The same chemical that produces a pepper’s fiery sensation in the mouth is loaded with medicinal properties. This is due to a phytonutrient called capsaicin, a chemical that gives hot peppers their ‘heat.’ In the wild, capsaicin protects the fruits from being eaten by insects and other mammals. In modern medicine, the pepper compound has been successfully used to dramatically reduce the sensation of pain.
The amount of capsaicin in any one fruit is highly variable depending on genetics and environment. (All chili peppers have some degree of the chemical, though, with the notable exception of bell peppers, which have practically none.) Habanero peppers are among the most capsaicin-rich chilies that are commonly available. A 2006 study published in the “Journal of Environmental Science and Health” found that the species habanero (a part of C. chinense) had higher concentrations of capsaicin than any other species in the capsicum genus.
When a capsaicin cream or ointment is applied to the skin, it has anti-inflammatory and analgesic properties. Capsaicin medications have been shown to successfully relieve pain caused by rheumatoid arthritis, fibromyalgia and shingles. In 2009, the U.S. Food and Drug Administration (FDA) approved a medicated skin patch made from capsaicin for treatment of post-herpetic neuralgia (PHN). According to spokesmen, the pure, concentrated, capsaicin-containing prescription drug was the first to undergo FDA review
“This new product can provide effective pain relief for patients who suffer from PHN,” said Bob Rappaport, M.D., director of the Division of Anesthesia, Analgesia and Rheumatology Products in the FDA’s Center for Drug Evaluation and Research.
And just last year, the capsaicin patch was approved for use in the Europe Union for the additional indication of the treatment of adult diabetes patients with peripheral neuropathic pain.
Other studies have shown that pepper fruits can be used to make medicine for problems relating to digestion including upset stomach, intestinal gas and cramps as well as conditions such as poor circulation. Capsaicin has also been used to relieve toothaches and seasickness and a form of the phytonutrient is currently being studied as a remedy for migraine pain.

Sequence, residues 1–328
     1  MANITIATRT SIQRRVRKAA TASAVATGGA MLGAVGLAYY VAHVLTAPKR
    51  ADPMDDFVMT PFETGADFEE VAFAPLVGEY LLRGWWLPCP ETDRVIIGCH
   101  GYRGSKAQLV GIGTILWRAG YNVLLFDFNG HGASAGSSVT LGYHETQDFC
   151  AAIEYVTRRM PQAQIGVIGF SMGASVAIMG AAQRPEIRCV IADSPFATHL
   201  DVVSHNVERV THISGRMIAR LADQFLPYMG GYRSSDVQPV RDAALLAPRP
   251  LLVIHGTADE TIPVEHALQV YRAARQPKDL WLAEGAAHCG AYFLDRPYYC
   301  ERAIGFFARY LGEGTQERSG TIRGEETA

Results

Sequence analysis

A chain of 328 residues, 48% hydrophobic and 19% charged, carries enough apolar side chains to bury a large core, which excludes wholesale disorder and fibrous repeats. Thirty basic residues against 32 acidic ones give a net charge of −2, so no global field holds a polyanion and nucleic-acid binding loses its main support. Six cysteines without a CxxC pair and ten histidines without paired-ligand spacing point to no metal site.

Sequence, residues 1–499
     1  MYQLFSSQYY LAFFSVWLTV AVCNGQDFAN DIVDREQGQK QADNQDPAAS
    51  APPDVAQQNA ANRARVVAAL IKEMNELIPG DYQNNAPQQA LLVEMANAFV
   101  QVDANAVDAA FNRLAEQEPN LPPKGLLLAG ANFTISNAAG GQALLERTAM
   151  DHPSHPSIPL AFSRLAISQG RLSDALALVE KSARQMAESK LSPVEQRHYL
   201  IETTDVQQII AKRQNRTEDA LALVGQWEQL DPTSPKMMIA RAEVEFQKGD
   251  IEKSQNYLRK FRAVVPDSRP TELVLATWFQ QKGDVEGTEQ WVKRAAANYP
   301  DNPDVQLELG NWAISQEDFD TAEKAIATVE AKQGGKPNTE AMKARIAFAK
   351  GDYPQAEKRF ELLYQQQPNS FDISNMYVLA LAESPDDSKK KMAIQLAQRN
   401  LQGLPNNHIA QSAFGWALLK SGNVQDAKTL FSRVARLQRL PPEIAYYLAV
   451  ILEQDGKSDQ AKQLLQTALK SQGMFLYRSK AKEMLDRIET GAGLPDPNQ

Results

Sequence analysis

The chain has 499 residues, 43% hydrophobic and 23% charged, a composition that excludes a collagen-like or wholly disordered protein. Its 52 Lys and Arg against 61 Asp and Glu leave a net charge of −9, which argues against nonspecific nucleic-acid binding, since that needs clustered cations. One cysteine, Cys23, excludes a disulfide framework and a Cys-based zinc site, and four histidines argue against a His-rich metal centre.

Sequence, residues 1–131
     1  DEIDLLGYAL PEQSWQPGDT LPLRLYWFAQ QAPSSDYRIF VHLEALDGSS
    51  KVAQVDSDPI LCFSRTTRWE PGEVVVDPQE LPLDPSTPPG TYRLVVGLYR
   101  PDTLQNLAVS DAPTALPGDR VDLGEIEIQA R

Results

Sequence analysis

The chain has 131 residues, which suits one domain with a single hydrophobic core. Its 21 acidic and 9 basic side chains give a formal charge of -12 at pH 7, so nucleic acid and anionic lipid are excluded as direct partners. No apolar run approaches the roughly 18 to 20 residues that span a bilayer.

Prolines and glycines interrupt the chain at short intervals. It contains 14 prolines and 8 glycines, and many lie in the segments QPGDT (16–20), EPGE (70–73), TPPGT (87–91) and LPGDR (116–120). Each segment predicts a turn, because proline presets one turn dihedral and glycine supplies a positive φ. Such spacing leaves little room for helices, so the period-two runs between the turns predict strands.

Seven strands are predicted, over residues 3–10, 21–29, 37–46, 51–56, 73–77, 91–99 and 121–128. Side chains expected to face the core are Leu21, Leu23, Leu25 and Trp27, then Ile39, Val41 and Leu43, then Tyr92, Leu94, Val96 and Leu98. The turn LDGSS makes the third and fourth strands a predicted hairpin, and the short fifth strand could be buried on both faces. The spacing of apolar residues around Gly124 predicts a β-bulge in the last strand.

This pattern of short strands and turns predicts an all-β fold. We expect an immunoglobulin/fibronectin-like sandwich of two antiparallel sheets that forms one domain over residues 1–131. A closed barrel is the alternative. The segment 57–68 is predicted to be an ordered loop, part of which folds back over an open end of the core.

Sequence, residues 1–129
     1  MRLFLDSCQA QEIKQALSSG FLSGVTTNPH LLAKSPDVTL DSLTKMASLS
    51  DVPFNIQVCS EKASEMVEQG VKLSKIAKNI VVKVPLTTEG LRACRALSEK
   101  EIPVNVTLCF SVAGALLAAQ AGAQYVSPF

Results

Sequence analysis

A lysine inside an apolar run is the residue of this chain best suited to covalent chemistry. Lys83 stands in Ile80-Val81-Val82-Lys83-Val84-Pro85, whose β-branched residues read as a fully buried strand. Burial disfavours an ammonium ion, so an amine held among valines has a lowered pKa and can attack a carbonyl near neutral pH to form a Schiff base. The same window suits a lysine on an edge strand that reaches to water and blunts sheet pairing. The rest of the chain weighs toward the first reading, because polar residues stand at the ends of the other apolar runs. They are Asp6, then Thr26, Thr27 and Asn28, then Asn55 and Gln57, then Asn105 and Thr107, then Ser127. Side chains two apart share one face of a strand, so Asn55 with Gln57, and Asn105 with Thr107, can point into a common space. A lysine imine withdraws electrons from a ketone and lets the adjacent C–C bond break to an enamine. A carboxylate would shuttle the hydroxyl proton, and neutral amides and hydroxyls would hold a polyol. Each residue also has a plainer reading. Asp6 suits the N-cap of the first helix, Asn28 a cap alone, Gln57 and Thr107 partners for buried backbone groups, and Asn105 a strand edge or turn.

World’s hottest chili pepper identified
Recently, the world’s hottest chili pepper was identified. Known as the Trinidad Moruga Scorpion, the golf-ball sized fruit was named the spiciest pepper on the planet. On the Scoville Heat Scale (which measures the pungency, or heat factor, of peppers), the Trinidad Moruga scored about 240 times hotter than the jalapeño, with a Scoville heat unit value of 1.2 million. (The average jalapeño ranks at about 5,000 units.)
Moruga Scorpion pepper
Pure capsaicin, by the way, has a heat unit value ranging between 15,000,000 and 16,000,000 Scoville Units.
For more information on capsicum and where many of the known varieties rank on the Heat Scale, check out Uncle Steve’s Hot Stuff.
Everyone loves the taste of herbs harvested fresh from the garden. And winter doesn’t have to spell the end of that enjoyment. Just a handful of pots indoors can supply bundles of savory herbs throughout all the seasons. All you need are some culinary herbs, a sunny window and a little TLC in the form of good soil, judicious watering and a regular supply of food. Continue reading